Motor problems in the first stage of a rocket launched from the Andøya Rocket Range led to the scramjet flight experiment part of the SCRAMSPACE research project being unable to take place. All launches with this type of motor are now suspended, and an international Failure Investigation Board has been appointed to find the cause of the incident.
The range can confirm that the SCRAMSPACE payload functioned as it should, and was in no way connected with the failure of the rocket.
On Wednesday, 18 September 2013 at 15:18 hours (CET) the Australian SSCRAMSPACE scramjet flight experiment was launched at the Andøya Rocket Range. The SCRAMSPACE project, led by The University of Queensland and involving 12 other international groups, aims to test the future potential of scramjet motor technology. The project has a total budget of about NOK 77 million (€9.6 million), including all development and personnel costs associated with both the ground-based and flight-based research.
The rocket launched was a two-stage configuration having an S-30 first stage and an Improved Orion second stage. According to the flight plan, the first stage was to land in water about 18 km northwest of Andenes. The second stage was to attain an altitude of more than 300 km and land in water 250 km northwest of Andenes.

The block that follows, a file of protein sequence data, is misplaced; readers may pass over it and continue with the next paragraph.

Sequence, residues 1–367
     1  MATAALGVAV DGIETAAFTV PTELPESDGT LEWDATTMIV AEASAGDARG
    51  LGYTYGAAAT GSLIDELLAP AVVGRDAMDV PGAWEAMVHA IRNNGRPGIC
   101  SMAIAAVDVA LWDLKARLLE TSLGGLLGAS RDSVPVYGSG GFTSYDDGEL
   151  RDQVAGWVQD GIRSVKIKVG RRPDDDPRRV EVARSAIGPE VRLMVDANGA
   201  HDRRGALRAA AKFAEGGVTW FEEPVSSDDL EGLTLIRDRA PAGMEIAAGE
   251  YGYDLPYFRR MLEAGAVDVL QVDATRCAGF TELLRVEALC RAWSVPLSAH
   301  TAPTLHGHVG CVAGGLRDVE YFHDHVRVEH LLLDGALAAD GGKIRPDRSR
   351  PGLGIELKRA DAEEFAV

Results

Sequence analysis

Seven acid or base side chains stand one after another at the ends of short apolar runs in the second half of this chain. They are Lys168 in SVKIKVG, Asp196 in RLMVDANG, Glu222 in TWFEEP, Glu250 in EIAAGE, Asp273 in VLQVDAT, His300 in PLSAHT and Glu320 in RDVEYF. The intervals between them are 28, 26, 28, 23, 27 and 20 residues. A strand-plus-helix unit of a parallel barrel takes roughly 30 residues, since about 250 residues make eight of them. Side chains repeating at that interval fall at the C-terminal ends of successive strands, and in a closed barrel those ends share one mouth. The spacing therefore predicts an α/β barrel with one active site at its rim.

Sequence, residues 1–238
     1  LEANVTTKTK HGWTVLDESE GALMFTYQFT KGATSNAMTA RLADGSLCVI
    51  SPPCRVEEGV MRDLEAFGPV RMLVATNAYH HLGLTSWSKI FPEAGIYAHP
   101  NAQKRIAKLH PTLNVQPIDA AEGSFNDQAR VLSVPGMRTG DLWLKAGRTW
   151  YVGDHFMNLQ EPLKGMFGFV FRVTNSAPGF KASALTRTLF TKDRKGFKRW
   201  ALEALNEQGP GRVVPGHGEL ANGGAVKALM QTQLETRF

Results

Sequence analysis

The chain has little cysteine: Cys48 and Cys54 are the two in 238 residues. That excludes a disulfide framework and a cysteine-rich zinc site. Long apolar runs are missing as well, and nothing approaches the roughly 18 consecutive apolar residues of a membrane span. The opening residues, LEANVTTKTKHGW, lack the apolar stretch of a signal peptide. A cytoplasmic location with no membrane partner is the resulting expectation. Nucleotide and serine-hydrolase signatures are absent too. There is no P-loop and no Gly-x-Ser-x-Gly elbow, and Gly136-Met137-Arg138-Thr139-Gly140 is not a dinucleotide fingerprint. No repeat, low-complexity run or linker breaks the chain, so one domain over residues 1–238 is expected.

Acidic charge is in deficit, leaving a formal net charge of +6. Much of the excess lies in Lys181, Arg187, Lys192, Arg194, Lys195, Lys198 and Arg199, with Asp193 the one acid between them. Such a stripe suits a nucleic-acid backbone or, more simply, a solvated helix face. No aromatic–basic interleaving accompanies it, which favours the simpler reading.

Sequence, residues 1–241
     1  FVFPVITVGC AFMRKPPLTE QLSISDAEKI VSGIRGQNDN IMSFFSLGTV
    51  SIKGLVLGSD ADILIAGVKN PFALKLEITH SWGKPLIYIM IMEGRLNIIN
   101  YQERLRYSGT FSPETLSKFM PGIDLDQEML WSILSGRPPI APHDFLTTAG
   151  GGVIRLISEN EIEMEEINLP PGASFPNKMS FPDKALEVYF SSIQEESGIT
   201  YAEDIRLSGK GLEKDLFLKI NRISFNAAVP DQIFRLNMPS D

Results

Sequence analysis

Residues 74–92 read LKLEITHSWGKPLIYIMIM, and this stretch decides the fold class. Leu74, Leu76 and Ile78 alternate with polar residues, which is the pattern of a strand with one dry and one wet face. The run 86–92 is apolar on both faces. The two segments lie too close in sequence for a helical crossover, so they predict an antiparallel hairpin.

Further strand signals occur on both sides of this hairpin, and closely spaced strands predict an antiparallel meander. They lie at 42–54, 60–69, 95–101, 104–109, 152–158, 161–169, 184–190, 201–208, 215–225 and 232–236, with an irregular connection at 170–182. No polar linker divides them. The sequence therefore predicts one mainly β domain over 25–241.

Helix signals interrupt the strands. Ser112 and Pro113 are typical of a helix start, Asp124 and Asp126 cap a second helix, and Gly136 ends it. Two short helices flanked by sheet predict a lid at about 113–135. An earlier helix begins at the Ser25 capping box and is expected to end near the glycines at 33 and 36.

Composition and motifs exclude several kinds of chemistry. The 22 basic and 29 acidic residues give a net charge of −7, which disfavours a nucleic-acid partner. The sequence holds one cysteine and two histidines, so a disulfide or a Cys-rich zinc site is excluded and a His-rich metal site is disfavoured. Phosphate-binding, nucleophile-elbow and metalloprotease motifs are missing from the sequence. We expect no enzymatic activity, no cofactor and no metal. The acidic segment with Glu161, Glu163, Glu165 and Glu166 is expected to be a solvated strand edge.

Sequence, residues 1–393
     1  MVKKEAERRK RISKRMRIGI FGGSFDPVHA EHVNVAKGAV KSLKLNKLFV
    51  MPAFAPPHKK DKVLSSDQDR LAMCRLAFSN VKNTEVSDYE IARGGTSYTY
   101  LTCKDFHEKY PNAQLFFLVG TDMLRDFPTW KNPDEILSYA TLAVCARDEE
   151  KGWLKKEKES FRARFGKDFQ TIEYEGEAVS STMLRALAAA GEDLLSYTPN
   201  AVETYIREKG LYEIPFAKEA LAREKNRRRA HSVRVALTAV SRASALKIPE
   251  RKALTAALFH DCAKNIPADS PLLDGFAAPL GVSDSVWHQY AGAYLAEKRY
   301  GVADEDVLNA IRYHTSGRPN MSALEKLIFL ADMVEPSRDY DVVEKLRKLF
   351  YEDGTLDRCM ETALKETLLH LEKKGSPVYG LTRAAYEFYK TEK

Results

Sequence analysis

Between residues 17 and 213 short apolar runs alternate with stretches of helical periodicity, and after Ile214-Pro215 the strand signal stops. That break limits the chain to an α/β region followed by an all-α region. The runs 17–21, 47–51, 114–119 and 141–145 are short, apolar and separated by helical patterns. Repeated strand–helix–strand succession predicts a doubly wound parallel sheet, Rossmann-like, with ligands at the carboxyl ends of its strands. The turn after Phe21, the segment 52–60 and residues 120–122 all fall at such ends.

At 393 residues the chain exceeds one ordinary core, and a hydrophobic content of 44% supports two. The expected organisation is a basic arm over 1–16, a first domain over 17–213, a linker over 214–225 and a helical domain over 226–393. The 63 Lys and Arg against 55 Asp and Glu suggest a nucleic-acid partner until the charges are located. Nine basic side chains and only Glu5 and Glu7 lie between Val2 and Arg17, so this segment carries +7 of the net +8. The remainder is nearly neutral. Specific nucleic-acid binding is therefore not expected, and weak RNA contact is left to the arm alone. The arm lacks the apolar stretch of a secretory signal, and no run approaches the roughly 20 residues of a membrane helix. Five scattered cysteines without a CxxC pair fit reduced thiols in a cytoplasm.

The rocket strayed off course and had an unstable ascent. This was due to an unexpected event during ignition in the first stage motor early in the flight. The first stage motor landed in water at Moholmen, and the second stage motor and payload landed in water a few hundred meters northwest of the Andenes lighthouse. The Range telemetry antennas tracked the flight of the payload and consequently acquired data from the flight until contact was lost at an altitude of 383 meters before landing in the water. The scramjet payload functioned as it should and was not connected or responsible for the rocket motor fault. All systems on the payload were intact and functioning throughout the flight. The Australian managers of the project concluded that it had been technologically successful, though scientific expectations were not fulfilled because the flight did not proceed as planned.
Apparently the cause was a fault in the first stage thruster that occurred in ignition during the first phase of the flight. This rocket configuration has been much used in sounding rockets, as by Sweden (at the Esrange at Kiruna), Norway, Germany and Brazil. In recent years there have been many launches of rockets with the configuration from Andøya. There have been no previous accidents or problems with the configuration.
An international Failure Investigation Board has been appointed with members from Norway, Germany, Australia and Brazil. One of the tasks of this board is to determine the cause of the failure of the rocket motor. Until further notice, all launches using this motor have been suspended.
The Andøya Rocket Range has recovered the motor and the payload from the sea, and will retrieve the other motor early next week. The Failure Investigation Board‘s tasks include inspecting these parts of the rocket and payload.
For further information, please contact:
Head of Sounding Rocket and Balloon Division, Andøya Rocket Range
Tel: (+47) 907 87 686